A Stranger at Castonbury - By Amanda McCabe
It was her wedding day. And it was utterly unlike she had ever imagined it.
Catalina Perez Moreno studied her reflection in the small, cracked looking glass as she tried to pin her long, thick dark hair into an elegant twist. The canvas tent was cramped and warm with the dusty evening air outside, filled with a small cot and a trunk, a table littered with nursing supplies. Beyond the dingy white fabric walls she could hear the sounds of a military camp, the shouts and laughter of the men, the rattle of sabres and horses’ tack, boots on the hard, dusty earth, the women singing as they cooked supper over the campfires.
No, this was nothing like her first wedding day, when her mother and aunts had dressed her in lace and silk before her father had walked her down the aisle of the grand cathedral in Seville to meet her bridegroom. A groom twenty years older than herself who she had met only twice before that day. That wedding day had been grand, momentous—and terrifying, disappointing.
This day was different in every way. Her first husband was dead now, as were her parents and brother, and the home she had once known in Seville was long gone thanks to the French invasion of her homeland. She had been alone for many months, using her nursing skills to help the armies trying to drive out those hated French. Alone—until she had looked across the camp one day and seen James Montague, Lord Hatherton.
‘Jamie,’ Catalina whispered, and then laughed at herself for the warm glow just saying his name created. She had met so many men in her work, moving from camp to camp, hospital to hospital. Men who were handsome and flirtatious, who made her smile, who danced with her, who told her tales of faraway England. But no one had ever made her feel like Jamie did, from that first moment.
He was tall and lean and so very handsome, like a knight from some medieval poem who fought dragons and won the fair hands of beautiful infantas. He had seemed not quite real. His dark, glossy hair, carelessly brushed back from his face, had gleamed in the bright sunlight, and beneath the light growth of beard on his jaw he had a chiselled, aristocratically elegant face. His uniform tunic had been unfastened to reveal the thin linen of his shirt, clinging to his muscled chest. He had been so beautiful.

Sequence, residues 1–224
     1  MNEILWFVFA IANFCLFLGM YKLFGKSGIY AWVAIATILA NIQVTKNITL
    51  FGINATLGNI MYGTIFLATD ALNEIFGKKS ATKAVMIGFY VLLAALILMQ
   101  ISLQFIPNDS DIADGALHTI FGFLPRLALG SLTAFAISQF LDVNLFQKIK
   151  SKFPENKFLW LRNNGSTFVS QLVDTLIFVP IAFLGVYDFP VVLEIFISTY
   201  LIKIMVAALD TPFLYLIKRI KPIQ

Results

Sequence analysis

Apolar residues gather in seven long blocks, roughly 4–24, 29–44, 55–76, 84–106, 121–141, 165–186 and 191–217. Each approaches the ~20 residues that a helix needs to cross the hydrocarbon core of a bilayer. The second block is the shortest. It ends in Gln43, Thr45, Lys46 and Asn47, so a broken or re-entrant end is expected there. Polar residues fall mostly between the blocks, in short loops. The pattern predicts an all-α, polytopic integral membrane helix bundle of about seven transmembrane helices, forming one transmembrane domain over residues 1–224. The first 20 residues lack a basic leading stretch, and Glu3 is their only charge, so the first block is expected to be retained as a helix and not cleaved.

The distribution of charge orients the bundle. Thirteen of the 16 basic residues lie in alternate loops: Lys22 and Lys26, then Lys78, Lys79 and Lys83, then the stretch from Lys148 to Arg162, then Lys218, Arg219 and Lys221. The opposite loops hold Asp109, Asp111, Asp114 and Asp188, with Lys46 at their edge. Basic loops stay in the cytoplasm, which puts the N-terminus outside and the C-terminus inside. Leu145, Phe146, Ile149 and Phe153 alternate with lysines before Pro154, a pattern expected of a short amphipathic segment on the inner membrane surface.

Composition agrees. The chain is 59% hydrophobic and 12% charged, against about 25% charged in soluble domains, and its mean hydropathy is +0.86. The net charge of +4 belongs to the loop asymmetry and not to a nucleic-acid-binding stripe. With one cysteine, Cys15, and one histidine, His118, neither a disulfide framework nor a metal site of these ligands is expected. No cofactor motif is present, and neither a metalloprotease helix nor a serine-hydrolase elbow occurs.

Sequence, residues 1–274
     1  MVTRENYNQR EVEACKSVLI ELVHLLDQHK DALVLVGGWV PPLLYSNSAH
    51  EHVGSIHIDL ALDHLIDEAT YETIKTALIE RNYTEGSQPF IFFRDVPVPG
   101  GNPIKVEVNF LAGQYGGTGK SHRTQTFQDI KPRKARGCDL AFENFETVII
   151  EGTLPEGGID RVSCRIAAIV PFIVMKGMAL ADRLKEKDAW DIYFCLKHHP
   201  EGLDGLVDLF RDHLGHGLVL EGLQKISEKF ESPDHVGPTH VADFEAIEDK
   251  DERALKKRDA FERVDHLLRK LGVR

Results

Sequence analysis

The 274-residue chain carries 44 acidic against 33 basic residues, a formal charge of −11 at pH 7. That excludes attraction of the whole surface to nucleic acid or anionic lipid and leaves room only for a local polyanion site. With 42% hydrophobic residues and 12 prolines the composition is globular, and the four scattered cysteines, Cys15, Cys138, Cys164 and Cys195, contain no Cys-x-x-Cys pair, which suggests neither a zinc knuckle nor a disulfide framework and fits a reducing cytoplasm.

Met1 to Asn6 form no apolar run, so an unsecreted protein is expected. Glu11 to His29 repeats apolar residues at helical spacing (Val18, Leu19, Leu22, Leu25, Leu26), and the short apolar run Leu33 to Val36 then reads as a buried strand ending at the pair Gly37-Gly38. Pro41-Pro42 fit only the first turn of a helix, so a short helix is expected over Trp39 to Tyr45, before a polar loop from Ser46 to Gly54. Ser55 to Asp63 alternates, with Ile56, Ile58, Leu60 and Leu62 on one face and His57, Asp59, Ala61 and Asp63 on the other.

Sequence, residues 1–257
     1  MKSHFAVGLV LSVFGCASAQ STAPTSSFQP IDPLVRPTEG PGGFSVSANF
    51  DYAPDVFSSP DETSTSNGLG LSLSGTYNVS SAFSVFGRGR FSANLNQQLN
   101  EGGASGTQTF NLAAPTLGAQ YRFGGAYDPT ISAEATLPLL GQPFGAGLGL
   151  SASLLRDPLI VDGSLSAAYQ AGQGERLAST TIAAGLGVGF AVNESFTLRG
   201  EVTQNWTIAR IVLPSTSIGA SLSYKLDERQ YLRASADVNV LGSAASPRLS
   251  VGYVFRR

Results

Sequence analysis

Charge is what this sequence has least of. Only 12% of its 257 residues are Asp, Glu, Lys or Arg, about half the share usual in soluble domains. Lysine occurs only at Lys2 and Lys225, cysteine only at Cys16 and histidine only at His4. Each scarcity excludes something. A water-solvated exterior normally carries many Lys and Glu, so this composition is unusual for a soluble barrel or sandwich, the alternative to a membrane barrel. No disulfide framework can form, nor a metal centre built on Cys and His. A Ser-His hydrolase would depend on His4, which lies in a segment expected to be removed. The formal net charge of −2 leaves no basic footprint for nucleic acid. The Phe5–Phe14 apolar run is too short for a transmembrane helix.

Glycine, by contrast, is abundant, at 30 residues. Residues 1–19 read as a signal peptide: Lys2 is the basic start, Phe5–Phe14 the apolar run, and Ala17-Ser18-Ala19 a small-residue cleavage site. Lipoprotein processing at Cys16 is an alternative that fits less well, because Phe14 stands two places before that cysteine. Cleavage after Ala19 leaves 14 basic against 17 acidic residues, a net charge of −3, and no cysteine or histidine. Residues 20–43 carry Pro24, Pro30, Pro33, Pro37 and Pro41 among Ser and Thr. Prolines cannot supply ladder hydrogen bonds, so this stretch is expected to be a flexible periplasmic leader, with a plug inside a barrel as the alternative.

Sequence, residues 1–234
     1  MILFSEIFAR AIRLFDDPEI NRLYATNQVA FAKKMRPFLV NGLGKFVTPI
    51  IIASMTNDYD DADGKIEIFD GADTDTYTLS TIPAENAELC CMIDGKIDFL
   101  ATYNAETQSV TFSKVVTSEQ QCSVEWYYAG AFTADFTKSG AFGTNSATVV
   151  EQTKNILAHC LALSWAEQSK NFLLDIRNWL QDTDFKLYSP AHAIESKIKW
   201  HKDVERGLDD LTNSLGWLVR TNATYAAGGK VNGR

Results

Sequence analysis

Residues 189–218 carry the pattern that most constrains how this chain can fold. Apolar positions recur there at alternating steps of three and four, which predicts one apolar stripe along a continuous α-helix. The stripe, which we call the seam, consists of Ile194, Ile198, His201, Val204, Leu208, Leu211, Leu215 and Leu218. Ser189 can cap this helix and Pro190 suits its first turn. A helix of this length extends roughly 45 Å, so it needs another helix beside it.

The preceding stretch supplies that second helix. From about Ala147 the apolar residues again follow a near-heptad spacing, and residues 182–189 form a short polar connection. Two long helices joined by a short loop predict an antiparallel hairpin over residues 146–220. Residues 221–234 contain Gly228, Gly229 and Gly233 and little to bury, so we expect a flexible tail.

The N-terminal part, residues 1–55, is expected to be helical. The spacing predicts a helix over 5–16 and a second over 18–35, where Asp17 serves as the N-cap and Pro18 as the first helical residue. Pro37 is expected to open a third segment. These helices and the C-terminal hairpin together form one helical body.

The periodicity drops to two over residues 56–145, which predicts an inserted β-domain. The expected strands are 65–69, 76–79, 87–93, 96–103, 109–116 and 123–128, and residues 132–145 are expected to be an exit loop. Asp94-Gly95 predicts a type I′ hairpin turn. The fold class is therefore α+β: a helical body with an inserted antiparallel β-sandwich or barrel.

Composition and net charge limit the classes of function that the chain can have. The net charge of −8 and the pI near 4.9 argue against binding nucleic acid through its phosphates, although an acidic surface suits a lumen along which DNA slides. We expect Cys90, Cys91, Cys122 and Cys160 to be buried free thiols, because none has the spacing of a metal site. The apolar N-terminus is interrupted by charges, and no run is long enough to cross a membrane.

But more than that, he had seemed so full of a burning, vibrant life. He’d thrown back his head to laugh at something another man had said to him, and his whole face had seemed lit from within by some vital, sun-bright force. Catalina had been mesmerised, the pile of laundry she’d been carrying falling to the dust. The whole crowded camp had seemed to vanish in that moment, and all she’d been able to see was him. All she’d wanted to do was fall into his laughter, his life.
Then suddenly he had looked right at her, his piercing, pale grey eyes so vivid. His laughter had faded, and she’d felt like such a fool to be caught staring like that. She was a widow, a nurse who had seen so much of the ugly side of life, not a virginal schoolgirl to gape and blush at a handsome man. She had grabbed up the laundry and spun around to run away.
She hadn’t got far when she’d felt a hand on her arm, warm and hard through her thin sleeve, and even without turning around she had known it was him. And when he had spoken to her in Spanish, smiled at her, she had been utterly lost.
That was a month ago now. And tonight she would marry him.
Catalina pushed another pin into the heavy strands of her hair, as if that could drive away the imagined sound of her mother’s disapproving voice. Catalina Maria Isabella, what are you thinking to marry a man you know so little of! An Englishman too. It is a disgrace. His family will never accept you, just as we could never accept him....
And Catalina knew all too well how right her mother would be. Jamie was the Marquis of Hatherton, heir to the Duke of Rothermere, and she was a Spanish lady of an old family name but no money since the arrival of the French. No home at all either, since her brother had died defending his liberal politics against the king.